The production of white blood cells affect the blood clotting process which means patients who suffer leukemia may present abnormal bleeding or brusing. The white blood cells over produce during the disease are dysfunctional and have a lack of defensive capacity which makes the body vulnerable for infection and finally the red blood cells deficit produces anemia. There are other symptoms presented before the disease is spread through other parts of the body like : fever, weakness, fatigue, loss of appetite, headache, paralysis, seizures, bone or joint pain. There are two types of leukemia : myelogenous or granulocytic and lympathic. This terms are divided depending on the types of blood cells involved in the disease (lymphoid cells or myeloid cells).
Sickle-cell anemia is a genetic disorder that makes your body produce red blood cells that are abnormal in shape. This disease is also widely known as hemoglobin SS disease. Unlike normal red blood cells, sickle cells are rigid and tenacious. Due to their shape and rigidness, they can block blood flow. In turn, this could cause organ damage to the body.
Sickle Cell Anemia Sickle cell anemia is caused by a defect in the gene that controls the production of normal hemoglobin, which is an iron-containing protein in red blood cells that transports oxygen from the lungs to body tissues. The defective gene results in the production of abnormal hemoglobin known as hemoglobin S. If you have the disorder, you inherited one gene for hemoglobin S from each of your parents. The gene is recessive, so if you received a copy of the gene from just one parent, you are a carrier of the sickle cell gene. Under certain conditions, after hemoglobin S releases its oxygen, its molecules clump together forming rigid and elongated crystals. The crystals settle to one side of the cell, which collapses the other side.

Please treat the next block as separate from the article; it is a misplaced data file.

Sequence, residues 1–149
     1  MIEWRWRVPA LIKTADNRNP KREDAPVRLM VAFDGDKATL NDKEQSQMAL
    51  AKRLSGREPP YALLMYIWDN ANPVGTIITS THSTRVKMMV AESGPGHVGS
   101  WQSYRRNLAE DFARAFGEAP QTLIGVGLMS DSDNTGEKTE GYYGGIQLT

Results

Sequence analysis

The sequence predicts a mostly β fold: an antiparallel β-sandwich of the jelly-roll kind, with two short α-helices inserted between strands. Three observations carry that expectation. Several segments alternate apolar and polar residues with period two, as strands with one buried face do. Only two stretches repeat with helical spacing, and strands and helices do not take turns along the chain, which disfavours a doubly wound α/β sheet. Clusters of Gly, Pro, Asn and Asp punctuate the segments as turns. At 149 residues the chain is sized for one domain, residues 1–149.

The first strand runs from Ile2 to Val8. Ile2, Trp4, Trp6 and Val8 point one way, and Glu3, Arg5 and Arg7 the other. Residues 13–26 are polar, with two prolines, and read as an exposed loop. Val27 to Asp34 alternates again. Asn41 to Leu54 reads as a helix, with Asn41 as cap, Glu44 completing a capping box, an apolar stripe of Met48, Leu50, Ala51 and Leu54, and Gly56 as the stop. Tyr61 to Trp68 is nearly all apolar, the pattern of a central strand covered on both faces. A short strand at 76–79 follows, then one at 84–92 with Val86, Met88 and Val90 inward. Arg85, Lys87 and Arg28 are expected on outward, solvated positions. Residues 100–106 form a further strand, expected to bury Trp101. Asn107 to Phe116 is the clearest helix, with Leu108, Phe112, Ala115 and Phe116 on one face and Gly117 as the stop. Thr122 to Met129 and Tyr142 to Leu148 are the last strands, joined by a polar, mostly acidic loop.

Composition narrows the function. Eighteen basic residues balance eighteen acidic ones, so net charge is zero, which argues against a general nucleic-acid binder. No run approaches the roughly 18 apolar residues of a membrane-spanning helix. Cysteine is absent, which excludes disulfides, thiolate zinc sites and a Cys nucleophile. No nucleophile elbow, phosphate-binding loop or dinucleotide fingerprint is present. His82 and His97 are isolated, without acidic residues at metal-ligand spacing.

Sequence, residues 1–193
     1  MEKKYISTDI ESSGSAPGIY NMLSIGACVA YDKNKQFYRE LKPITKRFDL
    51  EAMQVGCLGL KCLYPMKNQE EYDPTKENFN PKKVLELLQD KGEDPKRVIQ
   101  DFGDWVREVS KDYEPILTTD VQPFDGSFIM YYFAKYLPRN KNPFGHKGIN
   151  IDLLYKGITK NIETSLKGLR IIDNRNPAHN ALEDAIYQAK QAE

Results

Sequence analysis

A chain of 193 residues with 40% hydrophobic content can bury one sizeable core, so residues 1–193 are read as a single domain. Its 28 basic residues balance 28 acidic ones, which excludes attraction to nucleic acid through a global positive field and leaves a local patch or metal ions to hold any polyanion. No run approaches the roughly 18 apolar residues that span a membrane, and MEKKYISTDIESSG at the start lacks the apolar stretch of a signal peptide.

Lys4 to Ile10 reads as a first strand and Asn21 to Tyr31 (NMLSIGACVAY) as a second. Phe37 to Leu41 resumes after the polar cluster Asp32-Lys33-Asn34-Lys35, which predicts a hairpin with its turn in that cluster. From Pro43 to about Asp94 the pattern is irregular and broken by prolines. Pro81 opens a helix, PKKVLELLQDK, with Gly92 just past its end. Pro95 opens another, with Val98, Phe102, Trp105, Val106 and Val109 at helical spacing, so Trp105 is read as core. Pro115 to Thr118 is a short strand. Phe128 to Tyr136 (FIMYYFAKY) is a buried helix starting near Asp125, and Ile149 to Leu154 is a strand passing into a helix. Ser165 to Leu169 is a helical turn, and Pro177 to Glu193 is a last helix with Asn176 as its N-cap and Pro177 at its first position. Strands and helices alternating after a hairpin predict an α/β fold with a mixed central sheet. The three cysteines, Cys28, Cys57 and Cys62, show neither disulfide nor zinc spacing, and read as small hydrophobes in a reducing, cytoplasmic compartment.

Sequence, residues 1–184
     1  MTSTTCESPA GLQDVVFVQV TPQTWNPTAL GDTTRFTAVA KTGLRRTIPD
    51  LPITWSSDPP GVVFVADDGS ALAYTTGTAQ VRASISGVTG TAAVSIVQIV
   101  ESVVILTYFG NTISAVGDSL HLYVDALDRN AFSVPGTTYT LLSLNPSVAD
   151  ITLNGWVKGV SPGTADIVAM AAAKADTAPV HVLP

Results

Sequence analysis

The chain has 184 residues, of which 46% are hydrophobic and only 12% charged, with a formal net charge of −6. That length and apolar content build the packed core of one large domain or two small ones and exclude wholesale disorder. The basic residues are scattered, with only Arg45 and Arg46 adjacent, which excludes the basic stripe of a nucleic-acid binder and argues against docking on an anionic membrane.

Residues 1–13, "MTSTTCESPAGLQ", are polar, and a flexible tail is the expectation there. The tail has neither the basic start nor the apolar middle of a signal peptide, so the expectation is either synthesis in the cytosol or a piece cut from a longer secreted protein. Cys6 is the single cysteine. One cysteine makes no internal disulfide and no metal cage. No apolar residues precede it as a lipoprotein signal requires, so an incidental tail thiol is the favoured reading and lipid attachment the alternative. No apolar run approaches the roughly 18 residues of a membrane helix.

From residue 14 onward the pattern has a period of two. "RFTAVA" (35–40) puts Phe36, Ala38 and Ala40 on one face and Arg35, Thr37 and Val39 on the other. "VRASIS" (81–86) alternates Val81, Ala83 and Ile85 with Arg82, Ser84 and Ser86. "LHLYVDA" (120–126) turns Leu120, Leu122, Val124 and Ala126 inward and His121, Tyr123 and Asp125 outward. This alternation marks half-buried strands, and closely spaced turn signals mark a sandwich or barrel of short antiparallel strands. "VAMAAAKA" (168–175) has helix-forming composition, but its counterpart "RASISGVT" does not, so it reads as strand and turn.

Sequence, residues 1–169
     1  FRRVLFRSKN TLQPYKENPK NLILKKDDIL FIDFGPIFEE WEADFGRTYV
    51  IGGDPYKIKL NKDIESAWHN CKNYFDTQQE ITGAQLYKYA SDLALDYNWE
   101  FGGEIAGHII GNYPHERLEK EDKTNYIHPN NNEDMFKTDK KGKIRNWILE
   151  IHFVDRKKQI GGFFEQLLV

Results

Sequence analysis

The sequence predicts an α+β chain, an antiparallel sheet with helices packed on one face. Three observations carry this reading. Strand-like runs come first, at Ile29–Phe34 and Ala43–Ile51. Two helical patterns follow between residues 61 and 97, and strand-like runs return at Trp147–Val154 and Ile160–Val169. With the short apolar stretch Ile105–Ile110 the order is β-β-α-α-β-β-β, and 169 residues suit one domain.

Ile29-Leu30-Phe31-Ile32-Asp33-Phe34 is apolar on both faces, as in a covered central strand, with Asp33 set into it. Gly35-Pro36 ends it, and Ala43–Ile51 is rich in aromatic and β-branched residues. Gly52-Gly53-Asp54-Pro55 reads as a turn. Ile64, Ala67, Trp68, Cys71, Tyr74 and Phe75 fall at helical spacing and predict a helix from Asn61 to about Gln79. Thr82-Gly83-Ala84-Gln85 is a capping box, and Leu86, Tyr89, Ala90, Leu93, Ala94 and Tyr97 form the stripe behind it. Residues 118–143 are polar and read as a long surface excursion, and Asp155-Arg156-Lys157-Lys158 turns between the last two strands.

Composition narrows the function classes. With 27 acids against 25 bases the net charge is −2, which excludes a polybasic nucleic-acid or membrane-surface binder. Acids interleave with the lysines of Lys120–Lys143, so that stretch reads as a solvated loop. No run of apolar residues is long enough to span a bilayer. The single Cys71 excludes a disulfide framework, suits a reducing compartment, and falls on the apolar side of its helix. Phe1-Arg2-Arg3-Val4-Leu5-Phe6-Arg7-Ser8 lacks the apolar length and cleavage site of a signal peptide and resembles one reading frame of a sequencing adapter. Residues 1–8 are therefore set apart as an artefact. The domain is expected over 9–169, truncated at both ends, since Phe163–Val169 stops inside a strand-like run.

These large numbers of immature or incompletely developed cells do not function like healthy red blood cells leading to oxygen deficiency throughout the organs and tissues of the body. Since these cells are underdeveloped they also have a shorter life expectancy. Pernicious anemia has been studied by many different researchers, starting in the late 17th century. Between 1876 and 1877 William Osler and William Gardner studied a patient they suspected of pernicious anemia. Their findings were that the patient had the following symptoms: numbness in the fingers, hands, and forearms, the gastric mucosa was atrophic, and high levels of red bloods cells containing nuclei were found in the bone marrow.
This knowledge would be helpful for administration and parents of children with cancer, to better understand future expenses. The research question is clearly stated as finding the patterns of cost and research utilization for children with leukemia and CNS tumors for 3 years after being diagnosed (Hendrickson, Rimar, 2009). This is consistent with the problem about lack of knowledge in costs that was stated earlier. Later in the research, Hendrickson did expand her question to include comparisons between children with leukemia and CNS tumors and likeliness to survive based on admission in the PICU. Sampling size is sufficient with 223 children.